The last time I thought about this LED’s were in their infancy, so I have a nice solar garden lantern which I deign, (well, it’s my body and my boat), to suffice for anchoring in the sort of small corners where one is unlikely to get taken out by a super-tanker. It hangs under the boom, by the mast, during the day to recharge. Anyway, on to sailing at night; I opted for the notion of an all-round, battery powered LED as being the simplest, if I could find a good way of getting it up the rig.
Venturing into cyberspace, I came up with this little beauty –
Three AA batteries and it is meant (meant) to last up to thirty hours, tralaa!
So I bought one
How to get it aloft? Well the highest point on my balance lug is the peak of the yard itself – reasonably close to vertical too -
And usefully, being a lug, it can be brought down to my level and back up in little more than a trice, so all I needed was clip to hold it on. As part of Polly Wee’s collapsible-oar process, I was forced to buy three metres of 2” plastic pipe. (No, I’m not trying to row with it; it’s as collaring to protect the loom of the oars.)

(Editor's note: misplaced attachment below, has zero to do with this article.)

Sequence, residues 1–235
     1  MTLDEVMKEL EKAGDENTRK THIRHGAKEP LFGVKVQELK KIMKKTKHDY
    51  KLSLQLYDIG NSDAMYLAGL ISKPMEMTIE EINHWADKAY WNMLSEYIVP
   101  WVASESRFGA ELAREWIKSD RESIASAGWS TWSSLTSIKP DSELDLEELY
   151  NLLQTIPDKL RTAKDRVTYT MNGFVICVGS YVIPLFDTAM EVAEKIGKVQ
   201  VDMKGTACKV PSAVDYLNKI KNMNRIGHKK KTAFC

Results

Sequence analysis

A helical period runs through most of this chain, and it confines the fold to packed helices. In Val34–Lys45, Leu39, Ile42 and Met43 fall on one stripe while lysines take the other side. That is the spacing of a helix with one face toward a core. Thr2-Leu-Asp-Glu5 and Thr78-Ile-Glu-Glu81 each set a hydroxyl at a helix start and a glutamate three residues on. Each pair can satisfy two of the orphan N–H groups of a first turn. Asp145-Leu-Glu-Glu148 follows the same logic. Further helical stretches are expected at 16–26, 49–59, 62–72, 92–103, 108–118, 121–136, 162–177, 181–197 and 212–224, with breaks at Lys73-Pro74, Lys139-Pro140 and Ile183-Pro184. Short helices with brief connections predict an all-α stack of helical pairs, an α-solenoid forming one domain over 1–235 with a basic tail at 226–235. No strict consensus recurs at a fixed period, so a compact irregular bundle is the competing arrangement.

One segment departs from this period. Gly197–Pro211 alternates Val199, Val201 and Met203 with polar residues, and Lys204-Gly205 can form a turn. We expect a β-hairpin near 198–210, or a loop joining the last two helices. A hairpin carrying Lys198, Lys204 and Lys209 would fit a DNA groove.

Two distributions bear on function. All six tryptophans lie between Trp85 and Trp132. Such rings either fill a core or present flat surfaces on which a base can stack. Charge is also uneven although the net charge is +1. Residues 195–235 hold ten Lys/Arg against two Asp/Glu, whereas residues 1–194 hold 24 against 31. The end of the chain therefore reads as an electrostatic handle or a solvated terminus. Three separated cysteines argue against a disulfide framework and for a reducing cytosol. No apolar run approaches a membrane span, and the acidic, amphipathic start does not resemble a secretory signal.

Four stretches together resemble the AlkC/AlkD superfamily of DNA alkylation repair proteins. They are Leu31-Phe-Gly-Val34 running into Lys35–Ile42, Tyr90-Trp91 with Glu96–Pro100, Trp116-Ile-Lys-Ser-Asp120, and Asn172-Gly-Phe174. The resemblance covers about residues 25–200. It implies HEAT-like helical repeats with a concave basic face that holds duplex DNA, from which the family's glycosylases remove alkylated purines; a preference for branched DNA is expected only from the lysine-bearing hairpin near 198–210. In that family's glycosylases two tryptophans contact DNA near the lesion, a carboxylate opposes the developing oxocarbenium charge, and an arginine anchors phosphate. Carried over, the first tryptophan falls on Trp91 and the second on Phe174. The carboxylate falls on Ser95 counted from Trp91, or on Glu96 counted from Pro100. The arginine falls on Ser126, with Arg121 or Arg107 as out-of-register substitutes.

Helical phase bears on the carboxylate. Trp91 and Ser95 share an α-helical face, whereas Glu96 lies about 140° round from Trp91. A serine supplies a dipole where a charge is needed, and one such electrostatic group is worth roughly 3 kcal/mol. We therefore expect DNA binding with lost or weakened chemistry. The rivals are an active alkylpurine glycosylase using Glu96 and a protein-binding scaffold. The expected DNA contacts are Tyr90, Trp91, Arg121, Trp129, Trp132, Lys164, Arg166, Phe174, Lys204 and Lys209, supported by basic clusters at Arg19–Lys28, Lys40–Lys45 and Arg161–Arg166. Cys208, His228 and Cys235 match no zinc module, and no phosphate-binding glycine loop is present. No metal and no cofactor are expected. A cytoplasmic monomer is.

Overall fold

I cut myself a fifteen inch length and sliced it at a fine angle – about as much as one might if taper-joining wood, leaving a couple of inches at one end to hold the body of the lantern. The diameter is too small of course, but ever one to try and make an opportunity out of a disaster, I split the two inch part lengthways, so if held open while the lamp is inserted, it clamps it in an authoritarian grip.